Kimma looked demure and said, “My mother always asked me to speak with the utmost accuracy, good diction, and correct grammar.” She said it in a cultured, upper-class accent.
Everyone stared at her as she continued. “My mother was quite forceful on the subject. She asked me to listen to the manner of speaking in certain of the card rooms. She had me assigned to serve drinks and wait quietly in the corner, when the right sort of people were there. Also, she had one or two of her gentlemen friends converse directly with me, and asked me to observe their particular linguistic practices, and emulate them when the occasion suited.”
Jorac was floored. Speaking like that, she’d be accepted in any of the finer places in the city. Better than he would, to be truthful – he was still working on losing the last of his farm-boy accent and improving his vocabulary. People’s manner of speaking was important in the city, and it had taken him a while to figure this out.
Then her usual accent returned. “But I figure talking that way ‘round here ain’t no good. Draws attention.”
Jorac’s open admiration must have showed, because she looked at him, blinked twice, and looked away, a little embarrassed.
Dorrie said, “Girl, you’ve got a real talent there. I know we can find you a place in the city.”
“Well, maybe,” Kimma said doubtfully. “But Miz Madouve ain’t ready to go traipsin’ off yet. Got too many good customers here, and they depend on me. Who’d do the healin’ if I left ‘em?”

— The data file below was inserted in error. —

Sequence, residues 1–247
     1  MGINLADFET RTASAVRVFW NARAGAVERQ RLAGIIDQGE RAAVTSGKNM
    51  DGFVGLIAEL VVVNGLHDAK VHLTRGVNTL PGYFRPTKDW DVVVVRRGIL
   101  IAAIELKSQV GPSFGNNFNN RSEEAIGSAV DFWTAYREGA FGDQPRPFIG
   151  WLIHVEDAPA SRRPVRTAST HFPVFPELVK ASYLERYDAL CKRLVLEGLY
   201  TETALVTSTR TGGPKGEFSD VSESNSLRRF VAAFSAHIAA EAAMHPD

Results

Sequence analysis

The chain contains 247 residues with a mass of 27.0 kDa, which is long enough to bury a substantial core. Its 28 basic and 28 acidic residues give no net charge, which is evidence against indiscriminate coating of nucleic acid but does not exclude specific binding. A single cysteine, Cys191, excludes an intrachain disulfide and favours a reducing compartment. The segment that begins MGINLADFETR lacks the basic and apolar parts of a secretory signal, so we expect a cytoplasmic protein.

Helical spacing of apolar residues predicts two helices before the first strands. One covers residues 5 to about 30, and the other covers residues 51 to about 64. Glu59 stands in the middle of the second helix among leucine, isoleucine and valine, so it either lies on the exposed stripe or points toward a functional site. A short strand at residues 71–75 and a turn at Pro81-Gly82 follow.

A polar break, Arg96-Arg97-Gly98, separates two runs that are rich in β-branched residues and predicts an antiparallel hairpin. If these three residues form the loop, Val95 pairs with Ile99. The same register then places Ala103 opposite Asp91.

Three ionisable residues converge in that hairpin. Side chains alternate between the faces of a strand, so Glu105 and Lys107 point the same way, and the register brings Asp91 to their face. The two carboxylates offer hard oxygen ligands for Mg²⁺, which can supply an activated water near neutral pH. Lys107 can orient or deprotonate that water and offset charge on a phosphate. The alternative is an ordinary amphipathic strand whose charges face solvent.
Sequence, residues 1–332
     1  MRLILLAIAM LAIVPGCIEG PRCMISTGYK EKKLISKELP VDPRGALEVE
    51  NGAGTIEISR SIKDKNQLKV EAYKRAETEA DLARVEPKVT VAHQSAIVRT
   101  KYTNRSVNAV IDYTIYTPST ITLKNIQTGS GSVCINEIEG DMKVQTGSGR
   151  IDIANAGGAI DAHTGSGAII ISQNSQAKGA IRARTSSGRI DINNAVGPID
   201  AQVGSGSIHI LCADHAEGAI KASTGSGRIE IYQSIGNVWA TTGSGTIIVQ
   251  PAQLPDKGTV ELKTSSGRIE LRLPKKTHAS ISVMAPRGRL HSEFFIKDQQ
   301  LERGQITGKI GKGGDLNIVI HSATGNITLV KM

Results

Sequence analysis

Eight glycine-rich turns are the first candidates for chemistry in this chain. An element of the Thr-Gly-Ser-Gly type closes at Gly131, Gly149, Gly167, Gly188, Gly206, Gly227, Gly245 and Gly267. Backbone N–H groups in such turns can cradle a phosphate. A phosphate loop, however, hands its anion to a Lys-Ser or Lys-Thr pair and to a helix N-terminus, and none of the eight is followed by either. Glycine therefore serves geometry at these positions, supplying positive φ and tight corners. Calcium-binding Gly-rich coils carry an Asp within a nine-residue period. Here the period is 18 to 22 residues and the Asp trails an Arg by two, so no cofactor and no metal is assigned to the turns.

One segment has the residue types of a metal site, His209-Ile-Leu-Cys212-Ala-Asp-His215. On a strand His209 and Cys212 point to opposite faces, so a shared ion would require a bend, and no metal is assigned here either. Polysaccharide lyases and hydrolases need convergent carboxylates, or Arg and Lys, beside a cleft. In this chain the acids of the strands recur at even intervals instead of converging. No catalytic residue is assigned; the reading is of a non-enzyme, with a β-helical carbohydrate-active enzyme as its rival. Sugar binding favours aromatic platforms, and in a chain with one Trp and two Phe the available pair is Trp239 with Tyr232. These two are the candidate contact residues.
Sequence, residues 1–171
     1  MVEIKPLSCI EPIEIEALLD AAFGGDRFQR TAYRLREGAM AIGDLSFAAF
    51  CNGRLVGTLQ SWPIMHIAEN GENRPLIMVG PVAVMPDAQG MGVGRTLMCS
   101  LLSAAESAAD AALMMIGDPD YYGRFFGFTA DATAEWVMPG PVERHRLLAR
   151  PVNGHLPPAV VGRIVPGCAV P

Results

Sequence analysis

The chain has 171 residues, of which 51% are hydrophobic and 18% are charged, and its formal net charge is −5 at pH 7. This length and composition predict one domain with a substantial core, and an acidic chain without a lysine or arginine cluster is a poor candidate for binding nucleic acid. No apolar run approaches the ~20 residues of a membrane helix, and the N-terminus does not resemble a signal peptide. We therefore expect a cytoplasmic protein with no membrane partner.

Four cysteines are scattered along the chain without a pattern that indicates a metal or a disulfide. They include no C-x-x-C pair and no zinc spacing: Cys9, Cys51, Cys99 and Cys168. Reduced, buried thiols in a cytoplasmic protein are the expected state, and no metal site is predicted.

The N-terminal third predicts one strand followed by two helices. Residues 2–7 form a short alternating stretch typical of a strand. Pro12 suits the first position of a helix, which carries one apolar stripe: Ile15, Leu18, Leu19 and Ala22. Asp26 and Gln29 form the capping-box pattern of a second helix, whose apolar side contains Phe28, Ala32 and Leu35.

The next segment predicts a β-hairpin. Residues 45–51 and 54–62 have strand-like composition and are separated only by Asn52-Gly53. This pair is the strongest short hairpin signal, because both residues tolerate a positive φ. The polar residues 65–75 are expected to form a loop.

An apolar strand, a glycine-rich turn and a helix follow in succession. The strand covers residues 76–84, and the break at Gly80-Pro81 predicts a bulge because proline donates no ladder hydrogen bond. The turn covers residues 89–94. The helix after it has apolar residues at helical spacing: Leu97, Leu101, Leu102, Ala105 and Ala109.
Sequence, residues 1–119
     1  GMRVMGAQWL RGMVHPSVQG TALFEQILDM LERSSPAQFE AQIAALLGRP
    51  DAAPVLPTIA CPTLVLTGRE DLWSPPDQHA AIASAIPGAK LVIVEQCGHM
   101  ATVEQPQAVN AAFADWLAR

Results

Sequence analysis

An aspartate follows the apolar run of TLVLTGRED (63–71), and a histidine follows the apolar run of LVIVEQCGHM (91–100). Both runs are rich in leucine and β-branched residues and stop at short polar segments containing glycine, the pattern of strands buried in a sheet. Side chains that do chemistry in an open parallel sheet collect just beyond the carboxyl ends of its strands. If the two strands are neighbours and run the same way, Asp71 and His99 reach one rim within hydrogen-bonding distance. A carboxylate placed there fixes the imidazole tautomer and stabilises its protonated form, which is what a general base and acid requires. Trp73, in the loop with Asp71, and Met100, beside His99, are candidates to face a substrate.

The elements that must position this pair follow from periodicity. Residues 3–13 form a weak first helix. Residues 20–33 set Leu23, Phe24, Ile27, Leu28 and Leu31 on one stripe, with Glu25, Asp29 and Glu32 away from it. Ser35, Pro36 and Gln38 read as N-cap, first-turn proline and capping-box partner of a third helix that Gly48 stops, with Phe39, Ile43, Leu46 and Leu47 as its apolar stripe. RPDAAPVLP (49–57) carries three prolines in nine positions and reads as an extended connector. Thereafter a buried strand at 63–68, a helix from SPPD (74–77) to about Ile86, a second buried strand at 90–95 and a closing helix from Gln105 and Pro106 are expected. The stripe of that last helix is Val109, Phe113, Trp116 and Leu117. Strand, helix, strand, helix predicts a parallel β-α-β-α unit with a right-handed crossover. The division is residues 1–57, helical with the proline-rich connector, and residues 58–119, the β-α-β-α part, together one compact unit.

“Didn’t you say there were a few other healers?”
“Well, yes, but they come and go. Sometimes they go back to the city, sometimes they make a bad mistake and the swamp gets ‘em. Miz Madouve was – is – the only steady one.”
“Oh, I understand,” Dorrie said. “Well, we can think about it. We’ll talk later.” And then the conversation drifted off to other subjects.
That night, trying to get to sleep on his lumpy pallet in the shack, Jorac thought about the possibility that Kimma might be willing to leave the swamp. Dorrie was right: with the girl’s amazing facility with language, she could do very well in the city. . . He sternly put that intriguing idea aside and thought about tomorrow. Now with Hox essentially recovered and “Miz Madouve” to guide them, they could go on and follow where the disappearing manites led, at least for another day or two. If nothing was resolved by that time. . . well, he’d just have to decide what to do then.
Jorac’s an ordinary city constable in the city of Vaggert; he’s allergic to magic but still takes the job of Wizard Constable, working for the city’s overbearing, officious wizards. He encounters cutthroats, slavers, poison frogs, crazed wizards, hidden beauty, and much more - this is not stereotypical “epic fantasy”, it’s a fast-paced, fun adventure story.
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Check out previous chapters of Wizard Constable right here., or visit the Wizard Constable Website for chapter links + maps.